Graziano and Raulin (8th ed)Graziano & Raulin
Research Methods (8th edition)

Glossary Items Starting with "N"

naive empiricism
Extreme dependence on one's personal experience in order to accept events as facts. For example, "If I can't see it, then it does not exist."

naturalistic level of constraint
Research carried out in natural settings in which the researcher makes no attempt to manipulate the environment as part of the research.

naturalistic observation
Observing the natural flow of behavior in natural settings.

negative correlation
Relationship between two variables in which an increase in one variable predicts a decrease in the other.

negative practice effects
A decrease in performance on a dependent measure that results from previous exposure of the participant to the measurement procedures.

negatively skewed
When scores are concentrated near the top of the distribution.

Connectionist models are sometimes referred to as neuro-networks because they are designed to resemble the massive interconnections between units that are typical of brain neurons. However, most theorists argue that the connectionist models now in use are dramatic oversimplifications of neural processes and, therefore, one should be cautious in using terms such as neuro-networks to describe them.

A field that studies the relationships of brain functioning to behavior.

neurotransmitter agonists
A chemical substance that enhances the action of a neurotransmitter.

neurotransmitter antagonists
A chemical substance that blocks the action of a neurotransmitter.

no-treatment control group
A control group in a treatment study that receives no treatment of any kind.

nominal data
Data produced when a nominal scale of measurement is used. Nominal data are frequencies of participants in each of the specific categories.

nominal fallacy
The tendency to confuse a label for a behavior as the explanation for the behavior. For example, labeling people as kind because they do many kind things for other people is reasonable, but it is unreasonable to then say that they do those kind things because they are kind people.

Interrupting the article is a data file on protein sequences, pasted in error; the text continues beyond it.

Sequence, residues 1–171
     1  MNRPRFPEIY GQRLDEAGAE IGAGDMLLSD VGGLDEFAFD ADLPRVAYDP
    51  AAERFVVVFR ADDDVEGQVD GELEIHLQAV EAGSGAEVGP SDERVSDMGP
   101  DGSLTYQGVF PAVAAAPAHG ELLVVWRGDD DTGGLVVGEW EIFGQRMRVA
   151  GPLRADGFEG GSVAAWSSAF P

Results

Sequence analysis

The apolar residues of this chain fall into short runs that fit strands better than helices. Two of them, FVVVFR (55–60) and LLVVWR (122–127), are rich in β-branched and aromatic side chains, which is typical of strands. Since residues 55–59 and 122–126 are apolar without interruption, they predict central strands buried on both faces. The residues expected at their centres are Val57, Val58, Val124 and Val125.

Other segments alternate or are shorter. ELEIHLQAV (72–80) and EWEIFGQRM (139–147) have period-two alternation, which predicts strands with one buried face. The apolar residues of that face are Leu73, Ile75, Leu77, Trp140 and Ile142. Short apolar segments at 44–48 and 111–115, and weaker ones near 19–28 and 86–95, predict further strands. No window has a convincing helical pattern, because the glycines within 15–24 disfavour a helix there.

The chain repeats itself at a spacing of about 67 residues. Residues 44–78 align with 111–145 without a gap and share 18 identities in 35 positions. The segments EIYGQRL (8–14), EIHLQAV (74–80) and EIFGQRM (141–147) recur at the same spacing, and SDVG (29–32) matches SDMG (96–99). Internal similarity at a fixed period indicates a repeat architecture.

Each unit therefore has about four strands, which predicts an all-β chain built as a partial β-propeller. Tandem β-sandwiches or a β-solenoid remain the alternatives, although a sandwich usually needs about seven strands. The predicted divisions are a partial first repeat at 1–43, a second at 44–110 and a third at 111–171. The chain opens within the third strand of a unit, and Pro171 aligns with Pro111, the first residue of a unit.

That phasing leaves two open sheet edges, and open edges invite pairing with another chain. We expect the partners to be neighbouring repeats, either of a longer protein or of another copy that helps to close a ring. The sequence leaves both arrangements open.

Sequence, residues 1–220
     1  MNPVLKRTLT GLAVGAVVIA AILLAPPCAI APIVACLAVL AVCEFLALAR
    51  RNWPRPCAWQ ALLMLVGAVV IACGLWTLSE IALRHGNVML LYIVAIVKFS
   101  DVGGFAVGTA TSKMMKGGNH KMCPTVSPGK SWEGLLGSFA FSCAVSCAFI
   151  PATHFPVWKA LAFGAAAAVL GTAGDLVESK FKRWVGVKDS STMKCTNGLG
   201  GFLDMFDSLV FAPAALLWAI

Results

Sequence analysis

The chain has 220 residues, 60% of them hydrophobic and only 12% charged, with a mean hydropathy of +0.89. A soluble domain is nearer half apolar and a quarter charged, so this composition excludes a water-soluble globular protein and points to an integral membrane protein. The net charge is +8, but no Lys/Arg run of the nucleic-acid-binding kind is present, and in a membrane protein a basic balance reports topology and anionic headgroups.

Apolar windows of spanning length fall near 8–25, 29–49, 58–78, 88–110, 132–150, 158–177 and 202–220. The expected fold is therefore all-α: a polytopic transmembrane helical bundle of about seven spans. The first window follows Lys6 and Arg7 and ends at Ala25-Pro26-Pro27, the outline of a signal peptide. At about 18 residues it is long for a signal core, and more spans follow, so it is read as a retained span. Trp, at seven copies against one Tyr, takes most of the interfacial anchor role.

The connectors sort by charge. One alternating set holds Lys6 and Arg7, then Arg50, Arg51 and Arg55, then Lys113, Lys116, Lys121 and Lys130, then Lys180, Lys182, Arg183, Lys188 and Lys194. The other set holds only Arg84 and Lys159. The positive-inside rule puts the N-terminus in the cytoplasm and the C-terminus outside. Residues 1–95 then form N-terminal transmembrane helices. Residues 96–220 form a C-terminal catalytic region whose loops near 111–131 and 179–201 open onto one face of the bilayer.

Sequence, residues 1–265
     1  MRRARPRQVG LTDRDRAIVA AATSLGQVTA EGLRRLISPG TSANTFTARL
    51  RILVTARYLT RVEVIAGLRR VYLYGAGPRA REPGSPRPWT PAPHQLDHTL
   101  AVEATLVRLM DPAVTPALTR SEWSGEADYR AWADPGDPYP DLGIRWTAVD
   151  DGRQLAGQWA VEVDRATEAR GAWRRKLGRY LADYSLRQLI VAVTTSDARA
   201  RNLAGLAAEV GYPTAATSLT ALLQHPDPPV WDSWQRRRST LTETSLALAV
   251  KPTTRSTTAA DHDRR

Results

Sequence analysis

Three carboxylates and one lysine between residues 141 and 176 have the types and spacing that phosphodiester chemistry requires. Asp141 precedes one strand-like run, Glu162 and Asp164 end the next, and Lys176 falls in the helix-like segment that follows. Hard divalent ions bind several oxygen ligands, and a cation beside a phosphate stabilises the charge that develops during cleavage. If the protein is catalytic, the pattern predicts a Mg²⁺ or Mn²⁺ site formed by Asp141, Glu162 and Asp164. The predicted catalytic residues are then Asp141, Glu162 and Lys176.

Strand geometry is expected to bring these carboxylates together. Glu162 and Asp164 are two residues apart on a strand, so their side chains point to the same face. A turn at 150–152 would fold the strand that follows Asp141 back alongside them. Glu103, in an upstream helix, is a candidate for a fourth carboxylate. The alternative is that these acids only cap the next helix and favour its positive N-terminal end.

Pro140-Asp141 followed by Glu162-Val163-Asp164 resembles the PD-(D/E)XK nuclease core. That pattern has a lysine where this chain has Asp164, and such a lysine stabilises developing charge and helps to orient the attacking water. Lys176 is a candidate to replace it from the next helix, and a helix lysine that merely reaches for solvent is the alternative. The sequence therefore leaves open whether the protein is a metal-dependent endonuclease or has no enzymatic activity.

nominal scale
Scale of measurement in which only categories are produced as scores. Examples are diagnostic classification, gender of the participant, and political affiliation.

nonequivalent control-group design
Quasi-experimental design in which two or more groups that may not be equivalent at the beginning of the study are compared on the dependent measure.

nonexperimental designs
Any research design that fails to provide adequate controls for confounding.

nonexperimental approaches
See nonexperimental designs.

nonlinear relationship
Any relationship between two or more variables that is characterized by a scatter plot in which the points tend to cluster around a curved instead of a straight line. Most correlations coefficients are insensitive to nonlinear relationships.

nonmanipulated factors
Independent variables in a factorial design in participants are assigned to groups on the basis of some preexisting factor. See differential research.

nonmanipulated independent variable
The preexisting variable that determines group membership in a differential research study.

nonparametric statistics
Inferential statistical procedures that do not rely on estimating such population parameters as the mean and variance.

nonprobability sampling
Any sampling procedure in which some participants have a higher probability of being selected than other participants or the selection of a given participant changes the probability of selecting other participants. Often contrasted with probability sampling.

nonreactive measure
Any dependent measure that provides consistent scores regardless of whether the participant is aware or unaware of being measured.

nonsystematic within-groups variance
Variance due to random factors that affect some participants more than others. Also called error variance.

N-of-one designs
See single-subject experimental designs.

normal distribution
Distribution of scores that is characterized by a bell-shaped curve in which the probability of a score drops off rapidly from the midpoint to the tails of the distribution. A true normal curve is defined by a mathematical equation and is a function of two variables (the mean and variance of the distribution). Normal distributions are useful in psychology because psychological variables tend to show distributions that are close to normal.

null hypothesis
States that the participants from each group are drawn from populations with identical population parameters. The null hypothesis is tested by inferential statistics.